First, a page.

3) What internal affairs files were the Fairfax and federal prosecutors seeking in this case?

This has apparently been a major sticking point for investigators, and several officials familiar with the case said that both Morrogh and the federal prosecutors were seeking information not on the shooter, Torres, but on one of the police witnesses. The issue reportedly is whether the witness has had prior problems with truthfulness. Fairfax prosecutors are careful not to use witnesses whose truthfulness has been challenged in court, because it allows defense attorneys to attack their testimony. Did a police witness in the Geer case offer corroborating testimony for Torres, or conflicting? This is also complicated by the legal precedent that statements given by officers in internal investigations, mandatorily, cannot be used against them in criminal cases, where they are not required to testify. Morrogh reportedly was not seeking to prosecute anyone based on the prior cases, but Fairfax County attorneys still resisted.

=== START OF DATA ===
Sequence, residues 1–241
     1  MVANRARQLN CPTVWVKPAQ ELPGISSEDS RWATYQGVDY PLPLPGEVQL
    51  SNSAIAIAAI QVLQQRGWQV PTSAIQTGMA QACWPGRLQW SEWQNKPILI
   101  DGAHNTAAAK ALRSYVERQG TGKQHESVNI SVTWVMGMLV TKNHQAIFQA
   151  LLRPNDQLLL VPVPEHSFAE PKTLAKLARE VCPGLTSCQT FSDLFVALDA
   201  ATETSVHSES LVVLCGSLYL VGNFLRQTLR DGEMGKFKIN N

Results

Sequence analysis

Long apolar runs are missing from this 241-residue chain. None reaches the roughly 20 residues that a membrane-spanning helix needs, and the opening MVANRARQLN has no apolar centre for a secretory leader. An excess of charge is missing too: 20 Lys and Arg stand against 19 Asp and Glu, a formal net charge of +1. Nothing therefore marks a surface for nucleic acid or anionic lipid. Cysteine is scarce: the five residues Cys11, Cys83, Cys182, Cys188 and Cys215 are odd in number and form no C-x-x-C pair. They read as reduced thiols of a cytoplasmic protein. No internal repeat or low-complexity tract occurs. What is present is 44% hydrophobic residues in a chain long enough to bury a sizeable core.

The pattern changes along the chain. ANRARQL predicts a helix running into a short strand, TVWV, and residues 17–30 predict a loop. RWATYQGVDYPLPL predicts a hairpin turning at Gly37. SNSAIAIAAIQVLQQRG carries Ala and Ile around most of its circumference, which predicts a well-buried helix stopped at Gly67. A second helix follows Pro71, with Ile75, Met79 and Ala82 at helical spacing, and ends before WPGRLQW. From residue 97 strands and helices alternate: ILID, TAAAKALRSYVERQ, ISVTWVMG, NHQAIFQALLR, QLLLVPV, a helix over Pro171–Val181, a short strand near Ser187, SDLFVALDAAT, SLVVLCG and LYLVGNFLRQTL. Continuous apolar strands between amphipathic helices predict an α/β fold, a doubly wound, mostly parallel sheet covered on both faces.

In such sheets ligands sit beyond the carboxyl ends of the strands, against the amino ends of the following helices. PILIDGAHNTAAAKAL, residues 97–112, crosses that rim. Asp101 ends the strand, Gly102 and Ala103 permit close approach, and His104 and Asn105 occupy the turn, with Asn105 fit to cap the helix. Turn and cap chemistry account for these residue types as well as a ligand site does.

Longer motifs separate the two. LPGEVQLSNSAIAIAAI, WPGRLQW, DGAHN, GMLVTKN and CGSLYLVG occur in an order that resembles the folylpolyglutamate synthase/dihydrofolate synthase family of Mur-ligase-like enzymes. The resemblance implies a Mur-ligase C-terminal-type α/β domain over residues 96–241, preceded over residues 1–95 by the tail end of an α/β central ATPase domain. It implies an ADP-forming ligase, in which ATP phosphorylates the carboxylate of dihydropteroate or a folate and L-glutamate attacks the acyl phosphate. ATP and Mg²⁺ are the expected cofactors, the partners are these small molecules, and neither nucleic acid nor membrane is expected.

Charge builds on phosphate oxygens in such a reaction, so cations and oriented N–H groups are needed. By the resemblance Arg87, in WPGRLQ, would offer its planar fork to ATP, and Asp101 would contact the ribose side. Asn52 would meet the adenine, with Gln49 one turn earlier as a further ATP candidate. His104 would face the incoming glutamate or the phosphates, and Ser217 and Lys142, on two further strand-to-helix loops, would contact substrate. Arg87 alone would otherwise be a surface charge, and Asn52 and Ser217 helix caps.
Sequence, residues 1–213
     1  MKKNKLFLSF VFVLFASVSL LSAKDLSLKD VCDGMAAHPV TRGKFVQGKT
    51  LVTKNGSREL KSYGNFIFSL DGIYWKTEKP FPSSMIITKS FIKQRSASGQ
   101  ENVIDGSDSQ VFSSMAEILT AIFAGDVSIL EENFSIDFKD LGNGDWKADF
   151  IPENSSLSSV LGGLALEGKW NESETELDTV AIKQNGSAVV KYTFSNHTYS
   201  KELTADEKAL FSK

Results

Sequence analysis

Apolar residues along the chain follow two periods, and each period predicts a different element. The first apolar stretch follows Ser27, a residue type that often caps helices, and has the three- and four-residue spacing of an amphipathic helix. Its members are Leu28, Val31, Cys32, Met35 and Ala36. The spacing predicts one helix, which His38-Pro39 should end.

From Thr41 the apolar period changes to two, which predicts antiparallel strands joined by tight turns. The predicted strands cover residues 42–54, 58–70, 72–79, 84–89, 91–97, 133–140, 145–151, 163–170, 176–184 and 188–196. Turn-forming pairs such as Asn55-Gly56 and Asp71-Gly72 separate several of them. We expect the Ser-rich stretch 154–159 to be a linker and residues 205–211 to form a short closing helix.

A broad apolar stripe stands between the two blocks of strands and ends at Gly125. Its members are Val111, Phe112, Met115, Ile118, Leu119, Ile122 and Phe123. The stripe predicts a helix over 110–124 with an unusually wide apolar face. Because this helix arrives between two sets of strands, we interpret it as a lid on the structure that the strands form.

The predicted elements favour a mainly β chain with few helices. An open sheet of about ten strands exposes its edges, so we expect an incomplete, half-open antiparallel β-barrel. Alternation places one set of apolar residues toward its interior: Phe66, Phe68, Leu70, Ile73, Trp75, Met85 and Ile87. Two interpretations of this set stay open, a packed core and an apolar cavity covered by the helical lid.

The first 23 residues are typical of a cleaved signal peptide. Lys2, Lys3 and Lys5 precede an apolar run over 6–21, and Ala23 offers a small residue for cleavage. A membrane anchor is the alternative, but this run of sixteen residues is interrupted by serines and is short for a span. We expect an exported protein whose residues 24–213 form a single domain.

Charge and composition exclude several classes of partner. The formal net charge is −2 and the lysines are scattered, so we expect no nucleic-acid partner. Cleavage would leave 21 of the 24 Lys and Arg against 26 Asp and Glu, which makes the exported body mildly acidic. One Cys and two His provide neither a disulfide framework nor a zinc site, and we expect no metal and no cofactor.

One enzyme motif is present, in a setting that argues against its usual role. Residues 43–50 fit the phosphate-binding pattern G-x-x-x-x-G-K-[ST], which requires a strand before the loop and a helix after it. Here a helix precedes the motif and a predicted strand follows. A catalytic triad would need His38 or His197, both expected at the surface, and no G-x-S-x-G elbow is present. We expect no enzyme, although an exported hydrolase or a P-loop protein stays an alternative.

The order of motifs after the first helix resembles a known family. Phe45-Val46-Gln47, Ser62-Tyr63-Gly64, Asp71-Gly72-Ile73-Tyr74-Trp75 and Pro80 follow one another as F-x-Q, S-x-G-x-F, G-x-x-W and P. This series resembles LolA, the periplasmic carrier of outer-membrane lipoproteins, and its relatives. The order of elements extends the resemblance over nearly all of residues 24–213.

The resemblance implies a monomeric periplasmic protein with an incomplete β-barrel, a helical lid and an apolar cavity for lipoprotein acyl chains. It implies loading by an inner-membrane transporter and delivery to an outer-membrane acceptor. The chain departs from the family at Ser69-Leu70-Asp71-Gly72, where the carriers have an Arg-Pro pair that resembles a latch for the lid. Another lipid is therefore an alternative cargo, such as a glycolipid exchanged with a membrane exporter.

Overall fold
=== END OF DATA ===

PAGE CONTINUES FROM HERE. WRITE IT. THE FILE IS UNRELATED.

4) How will Fairfax County proceed in the civil lawsuit filed by Geer’s family?

Frustrated after a year of silence, Geer’s family sued Fairfax police Chief Edwin C. Roessler Jr. and the county in September, seeking answers. Fairfax resisted providing any pre-trial discovery, saying the case was still under federal investigation. Fairfax Circuit Court Judge Randy I. Bellows last month ordered Fairfax to turn over everything that was obtained before the case went to the feds in January 2014 and gave them 30 days to do so. After two weeks, Fairfax has not yet done so. In the last police shooting to go to civil court, the 2006 killing of unarmed optometrist Salvatore Culosi, Fairfax County fought Culosi’s lawyers for four years in federal court before finally agreeing to pay a $2 million settlement on the eve of trial. Will Fairfax again take a hardball approach to the family of a man shot dead by one of their officers?

5) When will Fairfax County provide a detailed timeline of what happened that day?